Trump’s Art of the Deal in Mexico
Media obscures common ground, positive first steps in historic meeting with Peña Nieto
The mainstream media is in a frenzy over the disagreement between the Mexican government and GOP nominee Donald Trump over paying for his promised border wall. The hostile press corps’ intense focus on that one obvious fact obscures the scope of common ground and shared interest Mexican President Enrique Peña Nieto and Trump found during their historic meeting Wednesday.
Sources close to the Trump campaign told LifeZette the GOP nominee was committed to having a first, gracious meeting to establish a working relationship for future negotiations. Trump, who knows well how real business is conducted, brought his position to the table. Peña Nieto did the same.
“Trump took charge, naturally, walked off the stage as the dominant guy. He pulled it off. I think he really helped himself.”
While both parties went into the meeting knowing there was an area of disagreement, the meeting itself was respectful, constructive, and focused on finding common ground.
Trump was in “listening mode” as Peña Nieto explained the hurt many Mexicans felt from some of the GOP nominee’s past comments.
The pair spent much of the meeting discussing how to tackle the scourge of drug violence, drug use, and the organized drug cartels that plague both countries.
In a promising sign for future cooperation on the paired issues of border security and drugs, Peña Nieto made clear in the post-meeting press conference the critical importance to Mexico of securing the illicit activity that flows freely across the border.
"We need to have an overall focus on the border that deals with undocumented immigrants, the flow of drugs, weapons, and cash all at the same time," said Peña Nieto.
Trump, for his part, noted the two countries had a "shared objective of safety and prosperity" in stopping the "flow of drugs and illegal weapons."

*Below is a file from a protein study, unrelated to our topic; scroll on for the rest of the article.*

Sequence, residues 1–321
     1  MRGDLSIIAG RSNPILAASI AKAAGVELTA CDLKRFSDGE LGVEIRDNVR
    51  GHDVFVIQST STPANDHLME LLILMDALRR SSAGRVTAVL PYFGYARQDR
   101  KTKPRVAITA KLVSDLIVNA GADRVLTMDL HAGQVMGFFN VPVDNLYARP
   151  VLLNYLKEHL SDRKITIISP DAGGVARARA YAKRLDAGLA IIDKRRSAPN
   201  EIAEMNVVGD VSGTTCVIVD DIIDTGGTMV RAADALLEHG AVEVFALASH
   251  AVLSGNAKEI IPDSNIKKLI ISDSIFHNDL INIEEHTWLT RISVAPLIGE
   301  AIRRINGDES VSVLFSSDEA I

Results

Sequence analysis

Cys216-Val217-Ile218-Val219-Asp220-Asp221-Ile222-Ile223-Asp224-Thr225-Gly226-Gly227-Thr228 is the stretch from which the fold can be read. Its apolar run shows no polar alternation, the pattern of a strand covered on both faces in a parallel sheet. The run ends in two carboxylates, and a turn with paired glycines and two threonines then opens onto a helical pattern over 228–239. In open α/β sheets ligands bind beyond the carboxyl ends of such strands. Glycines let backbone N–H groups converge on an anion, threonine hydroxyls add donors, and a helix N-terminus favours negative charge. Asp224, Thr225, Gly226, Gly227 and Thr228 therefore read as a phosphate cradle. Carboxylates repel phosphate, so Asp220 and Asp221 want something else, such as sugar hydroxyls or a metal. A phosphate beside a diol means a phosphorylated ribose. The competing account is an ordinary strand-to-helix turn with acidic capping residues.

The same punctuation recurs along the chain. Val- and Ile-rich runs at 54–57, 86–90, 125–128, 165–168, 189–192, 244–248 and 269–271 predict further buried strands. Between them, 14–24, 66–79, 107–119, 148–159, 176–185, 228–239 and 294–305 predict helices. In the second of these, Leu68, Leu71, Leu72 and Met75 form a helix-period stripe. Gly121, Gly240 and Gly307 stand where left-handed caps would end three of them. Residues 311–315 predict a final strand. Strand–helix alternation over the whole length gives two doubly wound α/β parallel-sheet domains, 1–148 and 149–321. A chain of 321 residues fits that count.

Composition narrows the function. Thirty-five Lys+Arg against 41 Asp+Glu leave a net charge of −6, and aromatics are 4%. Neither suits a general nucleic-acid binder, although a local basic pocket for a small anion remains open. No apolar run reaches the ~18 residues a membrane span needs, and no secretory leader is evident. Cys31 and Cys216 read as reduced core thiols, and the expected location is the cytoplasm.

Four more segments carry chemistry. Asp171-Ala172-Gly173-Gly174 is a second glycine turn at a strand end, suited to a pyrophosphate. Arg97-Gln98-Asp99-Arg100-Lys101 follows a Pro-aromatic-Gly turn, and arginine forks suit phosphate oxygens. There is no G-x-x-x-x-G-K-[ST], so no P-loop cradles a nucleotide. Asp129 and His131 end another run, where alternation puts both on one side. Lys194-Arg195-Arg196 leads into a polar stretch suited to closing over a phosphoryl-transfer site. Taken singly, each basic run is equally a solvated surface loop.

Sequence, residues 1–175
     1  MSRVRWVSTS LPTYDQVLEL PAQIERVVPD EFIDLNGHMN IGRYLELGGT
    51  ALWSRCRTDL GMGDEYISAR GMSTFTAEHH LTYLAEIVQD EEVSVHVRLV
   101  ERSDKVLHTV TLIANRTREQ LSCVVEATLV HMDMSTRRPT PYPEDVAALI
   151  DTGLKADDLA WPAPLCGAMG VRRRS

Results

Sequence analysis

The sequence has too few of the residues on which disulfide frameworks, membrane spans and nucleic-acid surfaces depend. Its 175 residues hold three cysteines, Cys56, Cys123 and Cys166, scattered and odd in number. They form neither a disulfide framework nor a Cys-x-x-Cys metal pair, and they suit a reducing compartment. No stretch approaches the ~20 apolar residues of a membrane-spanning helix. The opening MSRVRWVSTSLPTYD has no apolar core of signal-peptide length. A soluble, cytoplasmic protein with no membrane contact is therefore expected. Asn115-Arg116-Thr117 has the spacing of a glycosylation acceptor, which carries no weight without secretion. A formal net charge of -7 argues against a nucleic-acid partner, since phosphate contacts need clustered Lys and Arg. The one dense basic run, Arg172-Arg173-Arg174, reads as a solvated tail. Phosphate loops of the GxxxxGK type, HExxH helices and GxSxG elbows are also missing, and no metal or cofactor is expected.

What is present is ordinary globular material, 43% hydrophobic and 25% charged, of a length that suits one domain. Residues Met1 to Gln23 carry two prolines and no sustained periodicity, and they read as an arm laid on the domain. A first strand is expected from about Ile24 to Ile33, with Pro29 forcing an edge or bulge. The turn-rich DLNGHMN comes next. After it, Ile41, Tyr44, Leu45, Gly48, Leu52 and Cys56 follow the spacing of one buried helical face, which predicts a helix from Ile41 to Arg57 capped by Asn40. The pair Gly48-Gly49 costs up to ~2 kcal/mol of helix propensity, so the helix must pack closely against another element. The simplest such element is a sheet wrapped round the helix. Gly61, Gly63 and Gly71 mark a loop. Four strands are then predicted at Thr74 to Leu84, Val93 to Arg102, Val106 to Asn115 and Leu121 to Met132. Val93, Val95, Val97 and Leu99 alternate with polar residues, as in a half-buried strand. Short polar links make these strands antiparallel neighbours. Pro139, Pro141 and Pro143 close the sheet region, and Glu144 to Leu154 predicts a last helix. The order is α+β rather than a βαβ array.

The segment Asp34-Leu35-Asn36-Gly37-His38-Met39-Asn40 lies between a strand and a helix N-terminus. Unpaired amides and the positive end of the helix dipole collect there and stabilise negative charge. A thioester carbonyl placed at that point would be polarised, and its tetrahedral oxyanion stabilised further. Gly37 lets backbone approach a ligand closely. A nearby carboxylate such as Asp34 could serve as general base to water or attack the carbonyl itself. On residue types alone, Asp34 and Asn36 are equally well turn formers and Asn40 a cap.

The two leaders also discussed the current trade imbalance. Predictably, the two disagreed on the benefits of NAFTA — but both acknowledged they need to work together to counteract the growing economic threat posed by China.
So while the media continues its ballyhoo over who said what about paying for the wall, Trump actually moved the needle of Mexican-U.S. relations in a productive and positive direction.
A few usually reliable Trump detractors took notice.
"I think this is actually the single best day of the general election campaign for Donald Trump," Weekly Standard columnist, Fox News contributor, and avowed NeverTrumper Stephen Hayes said on Fox's "Special Report." "What you saw today was Trump, not only standing with a would-be ally or a traditional ally, but an ally whose citizens he basically attacked again and again and again for the better part of the last year, and pull it off."
Syndicated columnist and fellow Fox News contributor Charles Krauthammer shared similar a similar takeaway.
"He took a risk and he pulled it off," Krauthammer said on "Special Report." "Look, the big negative about Trump, the thing that the Clinton campaign plays on, is the fact that it's hard to imagine him as president ... Now here he is, standing on the world stage, with a world leader."
Krauthammer noted Trump struck a particularly assertive, yet serious figure.
"I think in some ways he sort of dominated. The Mexican president was rather defensive, asking for respect ... then if you noticed at the very end when they took questions, it was Trump who took charge. He is sitting in the palace of the president of Mexico. This never happens. Normally, it's the host who picks the journalists. Trump took charge, naturally, walked off the stage as the dominant guy. He pulled it off. I think he really helped himself."
Peña Nieto, who himself was walloped in the Mexican media, seemed to understand the bigger picture. It is not realistic for Mexico to permanently rely on a lopsided economic arrangement with the United States. Instead, when the United States inevitably seeks a more equitable balance, it's in the Mexican people's interest not to get their feelings hurt — but rather use the opportunity to make progress in key areas of shared concern.
The last thing Mexico should want is more animosity from millions of Americans who already see manufacturing jobs flowing south of the border — and drugs and low-skilled workers flowing north of it.
The Mexican president and Trump understand how deals are done. The only people who don't get it seem to work for the mainstream media and Clinton campaign.